With its new findings in mind, The RealReal asked the court to allow it to “amend its answer to assert antitrust and related anticompetitive counterclaims” against Chanel on the basis that the company is allegedly engaging in an “overarching anticompetitive scheme” in order to limit the supply of its products in the market, “inhibit the growth and development of competitors, and artificially raise and maintain [its] prices.”
How does The RealReal back up its claims that Chanel has been quietly carrying out an “aggressive campaign” of “exclusionary and anticompetitive conduct” aimed at “monopolizing” the market for luxury handbags? It points to the fact that Farfetch “promotes, advertises, markets, and sells pre-owned Chanel goods,” which it sources from various third parties and thereafter, “guarantees the authenticity of” in the exact same way that The RealReal and WGACA do.
However, just as WGACA has since argued, The RealReal claims that Chanel has taken issue with The RealReal and WGACA’s assertions about their ability to properly authenticate the Chanel bags they sell because – as it has asserted in both cases – “only Chanel can authenticate Chanel [products],” and ultimately, filing lawsuits against them as a result. But … Farfetch has not landed on the opposite end of litigation with Chanel. The RealReal asserts that such a lack of equivalent legal action by Chanel shows that it “will only tolerate the resale of Chanel handbags … by a company in which [it] holds a significant investment,” so that it “can continue to control supply and prices in the market for [its] handbags.”
In both cases, the resale company defendants have vigorously rejected Chanel’s claims, arguing that its trademark lawsuits are not actually aimed at protecting consumers from confusion about the nature of the bags at play and/or shielding them from counterfeit goods. Instead, they argue that Chanel’s litigation is “a thinly-veiled effort to stop consumers from reselling their authentic used goods, and to prevent customers from buying those goods at discounted prices,” as The RealReal characterized the November 2018 legal battle that Chanel initiated against it.
All the while, Chanel has been adamant that The RealReal and WGACA are on the wrong side of the law, and that the cases are part of a necessary effort to protect consumers from the resellers’ pattern of trademark infringement and false advertising.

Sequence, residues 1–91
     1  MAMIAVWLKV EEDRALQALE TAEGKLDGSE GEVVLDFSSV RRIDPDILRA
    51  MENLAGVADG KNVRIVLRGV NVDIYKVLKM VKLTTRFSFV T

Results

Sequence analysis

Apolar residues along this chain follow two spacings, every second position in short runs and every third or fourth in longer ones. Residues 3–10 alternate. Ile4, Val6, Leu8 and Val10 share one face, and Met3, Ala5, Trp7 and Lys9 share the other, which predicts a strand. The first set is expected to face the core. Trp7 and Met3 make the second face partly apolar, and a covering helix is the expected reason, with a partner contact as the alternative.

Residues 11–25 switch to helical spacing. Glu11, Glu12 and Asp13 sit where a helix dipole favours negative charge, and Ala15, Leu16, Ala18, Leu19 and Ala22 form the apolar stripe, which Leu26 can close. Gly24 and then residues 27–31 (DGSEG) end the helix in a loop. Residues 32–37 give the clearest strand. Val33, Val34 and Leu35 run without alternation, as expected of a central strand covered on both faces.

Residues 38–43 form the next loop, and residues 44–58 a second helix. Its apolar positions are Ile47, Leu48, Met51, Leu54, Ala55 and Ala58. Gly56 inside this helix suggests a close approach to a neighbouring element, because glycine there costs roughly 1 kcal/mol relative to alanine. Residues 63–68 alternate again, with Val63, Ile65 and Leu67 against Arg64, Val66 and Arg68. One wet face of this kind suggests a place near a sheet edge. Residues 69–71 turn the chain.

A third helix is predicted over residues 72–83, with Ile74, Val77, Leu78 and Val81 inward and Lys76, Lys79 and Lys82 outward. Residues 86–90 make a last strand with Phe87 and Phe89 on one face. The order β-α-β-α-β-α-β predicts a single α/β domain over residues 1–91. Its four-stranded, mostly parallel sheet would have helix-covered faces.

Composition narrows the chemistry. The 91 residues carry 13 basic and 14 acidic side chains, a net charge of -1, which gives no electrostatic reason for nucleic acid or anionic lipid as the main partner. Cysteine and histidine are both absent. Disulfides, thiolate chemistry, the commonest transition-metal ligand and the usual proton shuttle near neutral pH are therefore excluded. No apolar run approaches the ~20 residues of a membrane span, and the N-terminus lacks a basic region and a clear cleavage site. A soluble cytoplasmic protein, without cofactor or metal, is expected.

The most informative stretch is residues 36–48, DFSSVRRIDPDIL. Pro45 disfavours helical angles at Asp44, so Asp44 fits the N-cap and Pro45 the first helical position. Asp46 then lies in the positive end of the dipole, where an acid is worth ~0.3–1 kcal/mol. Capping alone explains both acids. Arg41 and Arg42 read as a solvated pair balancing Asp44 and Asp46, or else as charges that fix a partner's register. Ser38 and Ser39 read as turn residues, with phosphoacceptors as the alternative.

Beyond the he-said, she-said, the two lawsuits appear to ultimately amount to a quest by Chanel to protect the image of the brand, which, as WGACA notes in its recent letter, Chanel has “readily acknowledged in depositions” is of the utmost importance. Citing a deposition with Robin Gruber one of the heads of Chanel’s intellectual property enforcement, WGACA states in its letter that Chanel has admitted that “protecting its brand image is of the utmost importance to its very survival,” and that “the need to protect the integrity and image of Chanel in terms of its importance to the company’s very value cannot be overstated.”
UPDATED (November 18, 2020): In a new order, Judge Stanton shot down WGACA’s request that the court compel Chanel to provide information about its dealings with Farfetch and to make its president available for a deposition. According to Judge Stanton, “WGACA’s requests for disclosure of documents and the production of Chanel’s president to testify about itsrelationship with Farfetch are denied. WGACA has shown no reason Chanel’s treatment of, and activities with regard to Farfetch,with whom it has a business relationship, must be the same as those with regard to WGACA, with whom it has none.”
In the same order, the court also stated, among other things, that “WGACA’ s application for leave to move for dismissal of Chanel ‘ s counterfeiting claims is denied as premature.”
* The case is Chanel, Inc. v. What Goes Around Comes Around, LLC, et al., 1:18-cv-02253 (SDNY).